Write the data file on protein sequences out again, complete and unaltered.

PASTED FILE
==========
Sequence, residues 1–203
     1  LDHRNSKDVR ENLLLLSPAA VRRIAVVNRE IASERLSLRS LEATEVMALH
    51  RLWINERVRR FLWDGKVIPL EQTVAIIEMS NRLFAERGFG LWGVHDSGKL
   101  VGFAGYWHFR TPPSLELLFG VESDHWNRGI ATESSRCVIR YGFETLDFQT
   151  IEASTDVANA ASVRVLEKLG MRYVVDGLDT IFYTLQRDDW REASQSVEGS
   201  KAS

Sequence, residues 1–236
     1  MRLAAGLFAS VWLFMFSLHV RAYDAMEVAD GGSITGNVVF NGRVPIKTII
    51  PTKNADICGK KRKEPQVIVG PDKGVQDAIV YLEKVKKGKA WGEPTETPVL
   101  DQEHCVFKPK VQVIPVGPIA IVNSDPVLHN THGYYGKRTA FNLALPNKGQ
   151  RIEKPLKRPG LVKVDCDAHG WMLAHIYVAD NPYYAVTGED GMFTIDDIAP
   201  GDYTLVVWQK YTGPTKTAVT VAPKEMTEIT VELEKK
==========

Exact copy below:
Sequence, residues 1–203
     1  LDHRNSKDVR ENLLLLSPAA VRRIAVVNRE IASERLSLRS LEATEVMALH
    51  RLWINERVRR FLWDGKVIPL EQTVAIIEMS NRLFAERGFG LWGVHDSGKL
   101  VGFAGYWHFR TPPSLELLFG VESDHWNRGI ATESSRCVIR YGFETLDFQT
   151  IEASTDVANA ASVRVLEKLG MRYVVDGLDT IFYTLQRDDW REASQSVEGS
   201  KAS

Sequence, residues 1–236
     1  MRLAAGLFAS VWLFMFSLHV RAYDAMEVAD GGSITGNVVF NGRVPIKTII
    51  PTKNADICGK KRKEPQVIVG PDKGVQDAIV YLEKVKKGKA WGEPTETPVL
   101  DQEHCVFKPK VQVIPVGPIA IVNSDPVLHN THGYYGKRTA FNLALPNKGQ
   151  RIEKPLKRPG LVKVDCDAHG WMLAHIYVAD NPYYAVTGED GMFTIDDIAP
   201  GDYTLVVWQK YTGPTKTAVT VAPKEMTEIT VELEKK